Our latest “from the field” blog entry reports from Washington, DC, where NCEP Director Dr. Ana Luz Porzecanski and postdoctoral fellow Dr. Kate Hanson attended a conference hosted by the US National Science Foundation’s TUES (Transforming Undergraduate Education in Science) program. Major themes discussed in this year’s conference included Peer-Led Team Learning (PLTL), Massive Online Open Courses (MOOCs), mixed-level classrooms combining early and advanced undergraduate students, and the impact of NSF’s 2011 Vision and Change – a landmark publication on scientific teaching.
Ana and Kate presented a poster reporting the results to date of our TUES-funded project “Developing and Assessing Process Skills in Conservation Biology and Other Integrative Fields.” This NCEP led project convenes faculty participants from 17 academic institutions across the US, Puerto Rico and the Virgin Islands. Now entering its third year, the project creates, pilots, and evaluates exercises and assessment tools to promote the development of three key skills – critical thinking, data analysis, and oral communication – in students of biological sciences.
Our TUES project advances NCEP exercises associated with current modules including Applied Demography and What is Biodiversity (expanded for teaching data analysis), Amphibian Declines and Story of an Invasion (expanded for teaching critical thinking), and Why is Biodiversity Important? (expanded for teaching oral communication). With the development of student exercises and addition of student self-evaluation tools and instructor evaluation tools, these modules are now geared to teach and assess both content and key skills. As the TUES project progresses, these modules will continue to be revised and in the future will be made available to all NCEP educators via our website.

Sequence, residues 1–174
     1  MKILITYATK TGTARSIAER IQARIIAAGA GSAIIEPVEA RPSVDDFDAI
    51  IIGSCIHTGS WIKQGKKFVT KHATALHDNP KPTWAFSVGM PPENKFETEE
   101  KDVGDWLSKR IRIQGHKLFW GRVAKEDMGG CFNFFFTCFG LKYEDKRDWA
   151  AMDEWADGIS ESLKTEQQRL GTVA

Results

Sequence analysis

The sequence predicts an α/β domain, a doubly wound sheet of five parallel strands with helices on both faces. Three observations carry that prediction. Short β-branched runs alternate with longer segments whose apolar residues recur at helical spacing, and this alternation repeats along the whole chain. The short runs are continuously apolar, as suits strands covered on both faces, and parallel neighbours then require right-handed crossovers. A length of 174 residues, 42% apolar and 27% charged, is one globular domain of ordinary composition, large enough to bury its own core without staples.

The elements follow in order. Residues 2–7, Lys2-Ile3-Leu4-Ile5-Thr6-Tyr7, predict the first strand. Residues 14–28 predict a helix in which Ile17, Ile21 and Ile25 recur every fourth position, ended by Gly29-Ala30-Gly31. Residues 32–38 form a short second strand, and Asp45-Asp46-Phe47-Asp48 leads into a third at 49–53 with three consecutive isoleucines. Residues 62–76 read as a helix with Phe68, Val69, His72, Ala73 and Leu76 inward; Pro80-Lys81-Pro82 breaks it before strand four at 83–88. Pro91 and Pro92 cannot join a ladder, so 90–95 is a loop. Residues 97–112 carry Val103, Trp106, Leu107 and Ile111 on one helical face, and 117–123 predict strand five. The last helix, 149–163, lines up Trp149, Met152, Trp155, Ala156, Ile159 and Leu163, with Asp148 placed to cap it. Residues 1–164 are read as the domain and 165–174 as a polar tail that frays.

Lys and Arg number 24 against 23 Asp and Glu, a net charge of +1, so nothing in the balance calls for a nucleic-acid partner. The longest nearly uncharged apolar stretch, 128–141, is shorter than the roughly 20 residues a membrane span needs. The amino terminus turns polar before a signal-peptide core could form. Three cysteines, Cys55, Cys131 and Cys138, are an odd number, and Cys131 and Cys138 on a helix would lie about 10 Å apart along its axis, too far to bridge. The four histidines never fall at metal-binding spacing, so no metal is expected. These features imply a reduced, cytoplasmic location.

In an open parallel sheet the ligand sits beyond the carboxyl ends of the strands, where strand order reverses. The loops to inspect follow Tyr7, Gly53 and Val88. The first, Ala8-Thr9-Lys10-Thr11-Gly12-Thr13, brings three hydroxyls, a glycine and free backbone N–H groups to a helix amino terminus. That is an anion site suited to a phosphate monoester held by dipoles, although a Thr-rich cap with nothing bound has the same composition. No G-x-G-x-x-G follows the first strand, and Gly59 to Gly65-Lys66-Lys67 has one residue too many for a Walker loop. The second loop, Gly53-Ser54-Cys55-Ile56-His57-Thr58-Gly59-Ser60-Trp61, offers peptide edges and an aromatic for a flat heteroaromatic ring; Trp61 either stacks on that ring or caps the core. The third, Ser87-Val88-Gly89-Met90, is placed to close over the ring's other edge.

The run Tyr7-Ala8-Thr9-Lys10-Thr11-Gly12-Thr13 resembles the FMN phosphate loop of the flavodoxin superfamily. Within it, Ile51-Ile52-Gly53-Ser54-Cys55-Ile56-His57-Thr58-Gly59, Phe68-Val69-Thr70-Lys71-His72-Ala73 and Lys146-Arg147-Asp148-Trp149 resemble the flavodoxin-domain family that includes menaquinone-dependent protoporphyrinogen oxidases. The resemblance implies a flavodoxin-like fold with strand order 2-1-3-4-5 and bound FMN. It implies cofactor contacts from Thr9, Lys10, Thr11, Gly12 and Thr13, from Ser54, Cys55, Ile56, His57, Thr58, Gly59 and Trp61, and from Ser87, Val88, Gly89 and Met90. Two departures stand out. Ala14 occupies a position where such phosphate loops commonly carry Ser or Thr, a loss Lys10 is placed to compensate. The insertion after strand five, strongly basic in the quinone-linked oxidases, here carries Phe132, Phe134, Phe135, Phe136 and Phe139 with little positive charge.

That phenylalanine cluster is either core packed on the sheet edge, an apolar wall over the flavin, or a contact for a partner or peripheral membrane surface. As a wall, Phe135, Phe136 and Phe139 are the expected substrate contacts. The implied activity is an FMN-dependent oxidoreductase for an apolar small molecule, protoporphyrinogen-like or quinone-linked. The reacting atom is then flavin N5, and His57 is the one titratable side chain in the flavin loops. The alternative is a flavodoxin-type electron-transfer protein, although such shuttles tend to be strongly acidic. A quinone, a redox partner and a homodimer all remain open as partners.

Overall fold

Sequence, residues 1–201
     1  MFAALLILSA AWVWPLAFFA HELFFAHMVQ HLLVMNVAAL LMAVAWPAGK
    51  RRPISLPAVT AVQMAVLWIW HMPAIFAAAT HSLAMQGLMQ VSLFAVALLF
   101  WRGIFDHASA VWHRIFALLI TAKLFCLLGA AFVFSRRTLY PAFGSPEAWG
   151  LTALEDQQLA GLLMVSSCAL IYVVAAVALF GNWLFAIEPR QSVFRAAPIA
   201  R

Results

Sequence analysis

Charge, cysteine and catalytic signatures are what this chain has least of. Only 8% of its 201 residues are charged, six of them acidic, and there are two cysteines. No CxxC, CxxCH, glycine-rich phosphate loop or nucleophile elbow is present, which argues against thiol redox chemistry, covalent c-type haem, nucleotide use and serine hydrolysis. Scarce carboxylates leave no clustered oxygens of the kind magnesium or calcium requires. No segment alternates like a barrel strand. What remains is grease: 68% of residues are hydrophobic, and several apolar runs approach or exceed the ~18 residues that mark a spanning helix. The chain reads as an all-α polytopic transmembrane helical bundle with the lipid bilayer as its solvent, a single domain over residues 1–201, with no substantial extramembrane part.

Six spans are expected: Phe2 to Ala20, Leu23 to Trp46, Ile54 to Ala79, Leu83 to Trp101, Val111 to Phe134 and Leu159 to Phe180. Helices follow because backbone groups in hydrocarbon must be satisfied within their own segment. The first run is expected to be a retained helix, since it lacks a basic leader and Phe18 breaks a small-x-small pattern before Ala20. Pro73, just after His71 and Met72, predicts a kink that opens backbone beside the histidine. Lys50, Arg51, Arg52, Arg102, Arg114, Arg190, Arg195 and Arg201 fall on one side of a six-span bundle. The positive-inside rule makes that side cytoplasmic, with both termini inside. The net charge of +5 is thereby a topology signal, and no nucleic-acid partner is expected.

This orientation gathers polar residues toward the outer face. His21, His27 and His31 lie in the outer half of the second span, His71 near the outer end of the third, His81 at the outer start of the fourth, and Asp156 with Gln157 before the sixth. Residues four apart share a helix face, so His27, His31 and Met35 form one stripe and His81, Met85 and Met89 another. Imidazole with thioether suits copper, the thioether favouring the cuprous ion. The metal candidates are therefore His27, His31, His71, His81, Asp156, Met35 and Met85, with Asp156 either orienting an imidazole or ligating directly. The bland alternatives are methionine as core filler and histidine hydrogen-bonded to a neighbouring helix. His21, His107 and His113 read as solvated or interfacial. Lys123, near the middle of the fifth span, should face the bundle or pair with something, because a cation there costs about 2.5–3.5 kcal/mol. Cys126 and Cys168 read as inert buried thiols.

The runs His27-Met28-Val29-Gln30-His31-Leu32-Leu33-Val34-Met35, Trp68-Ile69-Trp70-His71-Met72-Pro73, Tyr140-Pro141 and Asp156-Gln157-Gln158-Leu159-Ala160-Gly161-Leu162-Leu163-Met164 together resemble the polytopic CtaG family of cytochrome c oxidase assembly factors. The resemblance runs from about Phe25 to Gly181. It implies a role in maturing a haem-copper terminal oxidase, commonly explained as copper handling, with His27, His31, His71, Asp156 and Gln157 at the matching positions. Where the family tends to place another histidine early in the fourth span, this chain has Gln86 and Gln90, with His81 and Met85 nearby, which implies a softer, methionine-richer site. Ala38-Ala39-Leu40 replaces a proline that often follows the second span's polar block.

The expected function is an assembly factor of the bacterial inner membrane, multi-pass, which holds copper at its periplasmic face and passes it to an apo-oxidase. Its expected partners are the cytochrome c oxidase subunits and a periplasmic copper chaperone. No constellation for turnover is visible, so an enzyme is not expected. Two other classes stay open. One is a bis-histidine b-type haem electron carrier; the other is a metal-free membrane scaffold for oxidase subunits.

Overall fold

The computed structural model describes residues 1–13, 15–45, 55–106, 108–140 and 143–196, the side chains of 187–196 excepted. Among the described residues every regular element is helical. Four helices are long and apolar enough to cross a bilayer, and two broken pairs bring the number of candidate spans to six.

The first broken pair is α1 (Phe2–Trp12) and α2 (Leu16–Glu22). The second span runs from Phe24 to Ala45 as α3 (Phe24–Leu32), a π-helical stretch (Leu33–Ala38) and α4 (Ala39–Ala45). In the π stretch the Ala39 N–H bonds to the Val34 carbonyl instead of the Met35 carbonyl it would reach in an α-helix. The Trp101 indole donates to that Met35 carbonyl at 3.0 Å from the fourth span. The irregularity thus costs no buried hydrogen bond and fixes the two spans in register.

To date, our TUES project has piloted the developed exercises and assessment tools in 13 courses across 17 institutions, and we have analyzed data from 308 participating students. Our results indicate that students can gain in both content and skill within the course of a semester. As faculty participants prepare for a second semester of implementation, we will be analyzing how student gains in skill correlate with gains in content and student confidence, as well as comparing student gains between high- and low-intensity teaching intervention treatments.
The NCEP team and faculty participants will be presenting additional findings at the upcoming 26th International Congress on Conservation Biology in Baltimore, MD in July 2013 – stay tuned and fellow conference attendees, please join us! Follow the NCEP blog and Facebook page for updates and scheduling information.